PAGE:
Nervous observers worried about the rule of law in Hong Kong didn’t have to wait long to gauge Beijing’s stance on the subject. Within 24 hours of the High Court’s ruling that the Hong Kong government’s face-mask ban was unconstitutional, the National People’s Congress Standing Committee issued a statement blasting the decision as being unconstitutional itself. Saying only it (the NPCSC) had the right to rule on constitutional matters, it said the decision had “weakened” the administrative power of the Chief Executive.
This is not yet a breach of the rule of law in Hong Kong. The statement was an opinion, not a ruling. It is, however, evidence of a surprising lack of political nous by members of the NPCSC. By speaking out on an issue that was not vital to the government’s ability to handle the ongoing crisis – a glance at TV footage shows how futile the ban has been – rather than waiting, the NPCSC has pre-empted the Hong Kong government’s efforts to find another way to legally enforce the ban. The High Court’s decision had, in fact, left the door ajar to the government to do this by not ruling on whether the ban was necessary under an emergency situation.
Continue reading Beijing speaks, not yet rules, on face-mask ban
Over the past year, it has seemed like not a month could pass without a local government pointing out how much it had “given back” to companies via tax cuts and other subsidies, to help them cushion the current economic slowdown. Unsurprisingly, therefore, a survey by the province’s leading business media group has found that a high percentage of companies based in Guangdong’s nine GBA cities are satisfied with the region’s business environment.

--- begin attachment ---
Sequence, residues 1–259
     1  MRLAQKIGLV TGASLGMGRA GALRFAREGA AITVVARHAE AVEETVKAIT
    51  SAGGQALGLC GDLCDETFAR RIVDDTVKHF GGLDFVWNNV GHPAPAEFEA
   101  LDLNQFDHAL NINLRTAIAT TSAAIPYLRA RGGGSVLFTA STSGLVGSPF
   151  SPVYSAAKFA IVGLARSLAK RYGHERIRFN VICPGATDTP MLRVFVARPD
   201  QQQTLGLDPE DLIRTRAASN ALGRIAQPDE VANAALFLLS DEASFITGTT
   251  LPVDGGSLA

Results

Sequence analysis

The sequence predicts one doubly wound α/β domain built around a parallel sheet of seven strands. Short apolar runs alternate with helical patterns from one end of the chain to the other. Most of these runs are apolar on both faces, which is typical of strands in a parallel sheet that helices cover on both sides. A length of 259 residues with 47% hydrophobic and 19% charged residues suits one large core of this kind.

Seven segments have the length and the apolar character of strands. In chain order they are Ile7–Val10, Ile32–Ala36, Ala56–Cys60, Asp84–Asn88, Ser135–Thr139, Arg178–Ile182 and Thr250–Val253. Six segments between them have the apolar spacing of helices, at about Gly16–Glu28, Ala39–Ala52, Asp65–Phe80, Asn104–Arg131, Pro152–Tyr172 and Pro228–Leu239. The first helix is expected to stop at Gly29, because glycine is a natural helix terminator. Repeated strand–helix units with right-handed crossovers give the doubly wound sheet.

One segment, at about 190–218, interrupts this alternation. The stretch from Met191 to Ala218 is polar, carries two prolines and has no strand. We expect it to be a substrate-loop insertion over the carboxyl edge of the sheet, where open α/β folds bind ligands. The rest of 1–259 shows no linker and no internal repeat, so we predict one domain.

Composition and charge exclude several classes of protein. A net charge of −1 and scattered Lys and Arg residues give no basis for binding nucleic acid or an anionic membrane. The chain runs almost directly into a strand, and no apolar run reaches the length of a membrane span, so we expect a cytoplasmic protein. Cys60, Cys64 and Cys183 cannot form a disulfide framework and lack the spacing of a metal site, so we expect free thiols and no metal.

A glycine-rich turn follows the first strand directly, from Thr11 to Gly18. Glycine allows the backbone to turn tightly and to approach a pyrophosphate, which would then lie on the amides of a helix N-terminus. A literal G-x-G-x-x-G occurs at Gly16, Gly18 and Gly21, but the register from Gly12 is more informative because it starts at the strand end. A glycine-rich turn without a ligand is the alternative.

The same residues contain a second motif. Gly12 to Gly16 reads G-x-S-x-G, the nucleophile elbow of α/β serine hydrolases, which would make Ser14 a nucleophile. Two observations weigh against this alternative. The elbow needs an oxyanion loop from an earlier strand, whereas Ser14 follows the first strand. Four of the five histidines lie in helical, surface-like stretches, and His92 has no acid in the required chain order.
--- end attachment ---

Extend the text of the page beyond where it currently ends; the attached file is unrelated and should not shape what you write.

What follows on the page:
When pressed further, however, most say that they would like more. Further tax cuts and lower labor costs would be nice, they say. Moreover, at least a third of them would like to see “integrated market rules” in the Greater Bay Area.
Continue reading GBA firms happy, but want more
Zhuhai is pioneering a change in the way cities treat their migrant workers. People living in the municipality without a formal household registration (hukou) are now able to apply for various types of housing previously restricted to hukou-holders.
A public consultation draft has been issued on the city government’s website, which deletes the old category of “migrant workers” and incorporates it into a new category of “newly employed workers.” At the same time, the draft expands the coverage of its public-housing rental policy to “talents”, while dropping their effective rates from 50% of a project’s benchmark rent to 30% – an effective 40% rent cut.
Whether other cities follow suit remains to be seen. Stay tuned.
Read more (in Chinese).